• When learning how to deploy personas, some clients are stumped at how to synthesize what they’ve learned into actionable insights
  • Marketers can use the “sticky note exercise” to organize large amounts of data on the basis of natural relationships
  • Convene a small group of those who helped in the interviews or key stakeholders, and follow eight steps for each persona

When learning how to deploy personas, some of our clients are stumped at the prospect of synthesizing what they’ve learned into actionable insights. They tell me, “We’ve done lots of face-to-face interviews and have so many data points about challenges and initiatives. How do I help my marketing team identify what’s most important?”

Communication meeting I suggest teaching marketers a new skill affectionately called the “sticky note exercise.” Sounds wildly scientific, doesn’t it? But it’s actually based on a formal problem-solving technique developed by anthropologist Kawakita Jiro. I first learned about the KJ Method or affinity diagram in facilitator training for the total quality management (TQM) movement. It helps organize large amounts of data based on natural relationships and is a perfect way to look for patterns in interview responses.

Follow these steps for each persona:

Team. Convene a small group – no more than 10 people – of those who helped in the interviews or key stakeholders willing to roll up their sleeves. Have a facilitator ready to help in case participants get stuck.

Logistics. The exercise should take no more than two hours; materials include sticky notes, markers and a whiteboard or flip chart.


  • Divide the group into two teams – one to tackle challenges (what keeps buyers up at night) and one to cover initiatives (projects they are launching that relate to their goals).
  • Team members divide interview verbatims and write one response per sticky note.
  • Arrange common responses into groups that reflect similar ideas. This is where the whiteboard comes in handy. Draw a grid on the whiteboard, and start placing similar responses in groups.
  • Soon patterns will emerge among the responses that suggest a summarizing header or theme for each group. Summary examples: pressure to cut costs and do more with less; find staff with the right skills; make sure we’re in compliance with the new regulations; transform our computing environment to a hybrid cloud; or figure out what to do with all this data.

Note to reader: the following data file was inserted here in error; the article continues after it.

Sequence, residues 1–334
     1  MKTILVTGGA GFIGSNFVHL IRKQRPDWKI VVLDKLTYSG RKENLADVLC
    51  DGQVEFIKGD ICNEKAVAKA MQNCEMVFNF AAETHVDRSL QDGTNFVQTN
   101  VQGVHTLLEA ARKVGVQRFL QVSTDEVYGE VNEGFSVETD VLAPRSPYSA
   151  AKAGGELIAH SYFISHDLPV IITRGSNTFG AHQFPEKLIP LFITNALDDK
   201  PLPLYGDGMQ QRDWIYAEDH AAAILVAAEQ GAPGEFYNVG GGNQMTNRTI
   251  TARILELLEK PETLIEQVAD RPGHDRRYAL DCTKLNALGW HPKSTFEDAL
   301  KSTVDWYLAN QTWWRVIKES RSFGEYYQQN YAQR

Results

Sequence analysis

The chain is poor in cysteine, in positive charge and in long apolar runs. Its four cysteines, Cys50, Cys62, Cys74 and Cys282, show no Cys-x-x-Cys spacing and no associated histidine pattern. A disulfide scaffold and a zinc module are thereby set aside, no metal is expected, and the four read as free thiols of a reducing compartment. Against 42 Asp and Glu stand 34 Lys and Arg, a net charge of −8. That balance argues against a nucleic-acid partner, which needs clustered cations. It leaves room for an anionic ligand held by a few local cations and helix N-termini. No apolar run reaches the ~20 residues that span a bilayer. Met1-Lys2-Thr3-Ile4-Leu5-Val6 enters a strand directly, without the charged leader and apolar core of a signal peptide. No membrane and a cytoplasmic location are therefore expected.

• Expect some outliers. In responding to our research studies, some CIOs have mentioned dealing with Facebook, and we wondered whether this represents a challenge, initiative or personal problem for this persona.
  • Expect consolidation of headers or themes as team members get more comfortable. One caveat: Beware of consolidating themes too far or using overly generic language like “performance” or “efficiency.” Use the persona’s own words.
  • Move the stacks of sticky notes to illustrate similarities among themes or headers.
  • After the initial exercise, have each group present their work. Look for overlap or links between challenges and initiatives, which might represent two sides of the same big issue for the target audience.

You may find yourself with an embarrassment of riches – a dozen or so themes for each category. Another useful technique from TQM: Conduct a voting exercise to identify the most significant headers. Each team member gets to allocate three stars to the statements that resonate most strongly. Results can be stack ranked and compared to known strategic objectives.

There is something viscerally satisfying about seeing the alignment emerge. This exercise also helps institutionalize persona knowledge within the marketing organization, providing a firm grasp of the data so insights can be incorporated into downstream deliverables. Just remember to buy lots of sticky notes!